reconstruction of the worldview. But that's not satisfactory because
could also include physics and chemistry... what Aristotle clasified as
Second Philosophy. First Philosophy (Metaphysics) isn't the same thing.
        One way to look at maetaphysics is to say it doesn't catalogue
existing things, but rather it tells you what existance is -- what it
*means* to ask, "Does X exist?" ("Do quarks exist?" "What do you mean
        Another handy definition would be to say Metaphysics doesn't
costruct the correct picture of the world, but rather it asks what
as having a correct picture of the world -- shifting from asking "What
true?" (proving) to asking "What is a proof?"
        But these "handy" definitions are not absolute facts because
don't *have* meanings; they aquire them. Philosophy being an activity
form or content, "metaphysics" can and has been various things, and so
definition needs to be contextualized. My thoughts reflect the track
runs from Aristotle through Hegel and culminates (more or less) in
Hiedgger. I think this represents the highest understanding of what
metaphysics is all about because otherwise you end up, like the
Positivist, just handing the whole thing over to the chemists and the
physicists (degrading 1st Phil. into 2nd Phil.).
        Well, I can think of lots of other things to say about "What is
metaphysics?" (and "What is REAL meataphysics?"), but lets let that rest
for now. Let's settle on: Metaphysics is the study of *the condition*:
existance. What does it mean to exist? For example: The Materialist
"What does it mean to exist? It means to be spacialy extended. Which,
presently, means to be made up of little vibrations in the time-space
field." That's the dominating view in Anglo-American philosophy today

what's called Positivism.  You can contrast that with Transendental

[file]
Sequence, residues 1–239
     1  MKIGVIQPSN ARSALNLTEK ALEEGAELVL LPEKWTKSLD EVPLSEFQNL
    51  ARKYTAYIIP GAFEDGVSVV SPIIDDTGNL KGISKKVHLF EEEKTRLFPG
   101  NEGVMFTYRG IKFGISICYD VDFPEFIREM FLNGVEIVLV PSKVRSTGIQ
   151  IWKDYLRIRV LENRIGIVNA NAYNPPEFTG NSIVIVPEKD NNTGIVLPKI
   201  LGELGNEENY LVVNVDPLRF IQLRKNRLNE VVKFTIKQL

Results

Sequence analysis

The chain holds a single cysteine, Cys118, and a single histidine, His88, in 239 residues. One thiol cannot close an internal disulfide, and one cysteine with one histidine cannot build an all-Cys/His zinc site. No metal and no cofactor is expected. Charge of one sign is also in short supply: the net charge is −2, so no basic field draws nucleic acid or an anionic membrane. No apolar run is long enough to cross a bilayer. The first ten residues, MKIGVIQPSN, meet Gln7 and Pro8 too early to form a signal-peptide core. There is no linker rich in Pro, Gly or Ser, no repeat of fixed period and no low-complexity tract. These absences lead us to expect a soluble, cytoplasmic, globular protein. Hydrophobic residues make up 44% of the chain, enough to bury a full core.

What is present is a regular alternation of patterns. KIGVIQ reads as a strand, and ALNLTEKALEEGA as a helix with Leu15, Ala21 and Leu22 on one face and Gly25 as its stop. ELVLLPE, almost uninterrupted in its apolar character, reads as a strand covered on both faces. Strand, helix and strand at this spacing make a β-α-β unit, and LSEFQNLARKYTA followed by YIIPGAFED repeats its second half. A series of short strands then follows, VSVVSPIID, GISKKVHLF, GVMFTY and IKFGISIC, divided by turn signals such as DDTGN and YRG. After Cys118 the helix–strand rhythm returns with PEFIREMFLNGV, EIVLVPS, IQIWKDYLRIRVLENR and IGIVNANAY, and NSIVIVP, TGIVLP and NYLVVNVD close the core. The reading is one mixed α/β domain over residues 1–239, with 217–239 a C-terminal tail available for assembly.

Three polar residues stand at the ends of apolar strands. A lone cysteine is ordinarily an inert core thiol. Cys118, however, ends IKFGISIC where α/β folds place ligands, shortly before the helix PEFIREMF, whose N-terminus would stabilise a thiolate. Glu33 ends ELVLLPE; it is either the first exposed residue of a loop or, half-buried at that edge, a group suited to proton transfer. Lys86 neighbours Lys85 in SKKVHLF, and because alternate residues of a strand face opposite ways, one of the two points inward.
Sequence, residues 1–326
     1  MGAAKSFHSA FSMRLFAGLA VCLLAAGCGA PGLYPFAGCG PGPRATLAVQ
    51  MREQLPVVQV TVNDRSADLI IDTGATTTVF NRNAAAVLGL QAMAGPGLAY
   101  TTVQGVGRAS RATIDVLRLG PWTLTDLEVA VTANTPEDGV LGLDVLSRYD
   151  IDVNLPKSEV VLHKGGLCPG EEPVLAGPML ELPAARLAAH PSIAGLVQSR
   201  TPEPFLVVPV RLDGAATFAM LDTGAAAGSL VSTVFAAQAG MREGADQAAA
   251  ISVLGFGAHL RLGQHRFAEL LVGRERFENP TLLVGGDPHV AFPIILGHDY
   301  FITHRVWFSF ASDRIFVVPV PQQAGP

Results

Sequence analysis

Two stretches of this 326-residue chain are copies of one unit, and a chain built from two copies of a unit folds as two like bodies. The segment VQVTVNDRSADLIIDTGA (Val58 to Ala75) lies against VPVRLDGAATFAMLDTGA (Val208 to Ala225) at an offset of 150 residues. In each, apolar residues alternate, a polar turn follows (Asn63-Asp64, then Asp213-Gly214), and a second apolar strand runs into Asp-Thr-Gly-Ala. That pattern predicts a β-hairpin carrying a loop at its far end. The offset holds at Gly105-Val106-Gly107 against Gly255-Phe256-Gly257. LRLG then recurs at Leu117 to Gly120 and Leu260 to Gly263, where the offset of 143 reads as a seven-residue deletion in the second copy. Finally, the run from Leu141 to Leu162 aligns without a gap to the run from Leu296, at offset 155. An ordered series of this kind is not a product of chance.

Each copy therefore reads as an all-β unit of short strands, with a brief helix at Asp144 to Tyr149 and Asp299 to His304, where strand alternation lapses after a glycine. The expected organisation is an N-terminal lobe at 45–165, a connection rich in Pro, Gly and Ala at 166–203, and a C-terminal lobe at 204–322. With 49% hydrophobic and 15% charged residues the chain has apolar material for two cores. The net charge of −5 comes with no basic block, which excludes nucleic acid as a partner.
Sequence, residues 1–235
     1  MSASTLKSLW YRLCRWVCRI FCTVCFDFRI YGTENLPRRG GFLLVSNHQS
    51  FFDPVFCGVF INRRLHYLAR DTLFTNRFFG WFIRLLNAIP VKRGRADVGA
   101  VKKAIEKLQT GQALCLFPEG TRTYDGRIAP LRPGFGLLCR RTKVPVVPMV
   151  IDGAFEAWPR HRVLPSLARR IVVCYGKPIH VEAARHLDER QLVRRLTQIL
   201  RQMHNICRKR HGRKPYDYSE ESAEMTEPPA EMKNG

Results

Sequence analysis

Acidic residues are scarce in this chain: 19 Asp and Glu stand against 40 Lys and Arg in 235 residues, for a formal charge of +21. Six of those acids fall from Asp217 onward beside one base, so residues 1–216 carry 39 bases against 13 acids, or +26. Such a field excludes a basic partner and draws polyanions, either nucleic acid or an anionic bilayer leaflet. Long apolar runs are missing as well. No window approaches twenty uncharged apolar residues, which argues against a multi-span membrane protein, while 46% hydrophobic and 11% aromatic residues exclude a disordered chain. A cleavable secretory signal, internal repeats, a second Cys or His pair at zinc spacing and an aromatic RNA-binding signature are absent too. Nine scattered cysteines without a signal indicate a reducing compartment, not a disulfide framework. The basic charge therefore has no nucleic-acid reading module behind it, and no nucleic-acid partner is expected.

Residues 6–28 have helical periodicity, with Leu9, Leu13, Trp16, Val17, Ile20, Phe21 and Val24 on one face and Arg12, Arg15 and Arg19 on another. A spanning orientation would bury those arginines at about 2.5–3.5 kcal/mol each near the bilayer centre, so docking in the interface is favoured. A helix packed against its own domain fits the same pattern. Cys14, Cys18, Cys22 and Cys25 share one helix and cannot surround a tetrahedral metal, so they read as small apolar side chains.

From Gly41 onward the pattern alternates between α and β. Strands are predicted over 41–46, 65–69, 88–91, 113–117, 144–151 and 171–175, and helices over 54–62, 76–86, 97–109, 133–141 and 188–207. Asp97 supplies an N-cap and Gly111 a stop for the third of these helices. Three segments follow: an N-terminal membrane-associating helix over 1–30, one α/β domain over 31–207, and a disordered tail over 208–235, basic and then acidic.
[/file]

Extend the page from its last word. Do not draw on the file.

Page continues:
Idealism (like Kant or the Buddha) which says time and space are
-- they exist only for us but not in the world itself; the real world is
unity that trancends time and space and all the pairs of opposits.

BUT... Buddhism isn't a metaphysical theory; it's a "religion"

really a kind of mental theropy designed to alter/expand one's
consciousness.  In other words:  The pay-off in Buddhism is to close the
S-O distinction (I-this) for consciousness -- meaning, to actualy do it.
Contrast that with Kant or Hegel or Schoppenhaure.  They we're pursuing
metaphysical theories, not trying to alter counsciousness.  Metaphysics,
by nature -- by definition! -- is a theoretical, literary activity.
("Literary" because the presumed result is a book, or an encyclopedia.)
That's one way to chatacterize metaphysics, and to characterize the
difference between Eastern and Western Phil. (Really the East doesn't
have Phil.  The literary tradition of intellectual skeptacism we
from the Greeks doesn't even exist over there [for reasons examined in
last post]).

So that would be step 1: What's metaphysics? But the question "What's SOM?" still demands, "How can you pick out a SOM from all the other metaphysics-es? How do you know when you've got one?